Would you really like to know why I’m a funny motivational speaker on food and fitness? I am just now fully realizing why myself. After a dear friend and I reminisced about the many years of teaching group fitness classes, I started jotting down all the mishaps and embarrassing moments of the last 30 years of being in front of a camera for my cooking shows and being on stage for my exercise classes. I was chuckling and shaking my head the whole way down memory lane!
If you want to get really good at presenting in front of an audience then you’re going to have to just get out there and do it A LOT, practice A LOT and learn how to roll with the punches (mistakes, hurdles, unexpected surprises) that are inevitably going to happen.
Here’s a list of some of my more embarrassing cooking show “learning” moments:
- Pouring high fiber breakfast cereal into a bowl and having a heavy pair of scissors slide out of the box and crash into the bowl. (Yes, I had forgotten I had stored them in there for the schlepping of equipment and food, and yes, the camera was rolling.) My response: “And there’s a prize in every box!”
- Trying to cut a corncob in half. Rooky mistake. This is like cutting through an I-beam! I did it while trying to hide the massively huge effort it took. I think the bulging vein in the center of my forehead gave me away though.
- Squeezing the skin off of a boiled beet as it shoots out of my hands and onto the studio floor. Cut for commercial. When we come back the camera followed the beet trail from where it sat on the floor to me: “I’m so embarrassed! Am I beet red?”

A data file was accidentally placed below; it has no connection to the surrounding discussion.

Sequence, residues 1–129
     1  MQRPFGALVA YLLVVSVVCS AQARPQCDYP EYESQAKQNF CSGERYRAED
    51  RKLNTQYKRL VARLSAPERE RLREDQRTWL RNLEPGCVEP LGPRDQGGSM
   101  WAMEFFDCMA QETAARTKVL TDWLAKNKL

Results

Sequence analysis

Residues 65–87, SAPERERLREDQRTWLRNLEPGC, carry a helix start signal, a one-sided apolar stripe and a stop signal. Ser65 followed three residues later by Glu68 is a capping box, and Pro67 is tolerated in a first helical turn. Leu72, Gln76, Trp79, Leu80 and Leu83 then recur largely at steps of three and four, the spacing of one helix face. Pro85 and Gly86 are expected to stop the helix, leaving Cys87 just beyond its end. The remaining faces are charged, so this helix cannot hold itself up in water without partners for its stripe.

- Talking over the roar of a blender. Don’t’ do it. It’s a shouting match and the blender always wins.
- Trusting someone else to do my makeup (think Tammy Faye Baker doing a natural foods cooking show).
- Blenders not blending, food processors not processing, skillets not heating, signage falling off walls, forgetting an ingredient, not finishing in time…Aarrrggghhh!
What feels like impossible predicaments at the time turn out to be excellent lessons in thinking quickly on your feet. The audience connects with you because you’ve revealed a “flaw” and been able to handle it gracefully. I’ve learned that maintaining a sense of humor and using these mishaps in a self-depreciating, comical way works every time. I’m grateful for these experiences that have shaped me as a speaker today but I do so hope they don’t keep happening. I’d like to think I’ve learned enough of this lesson!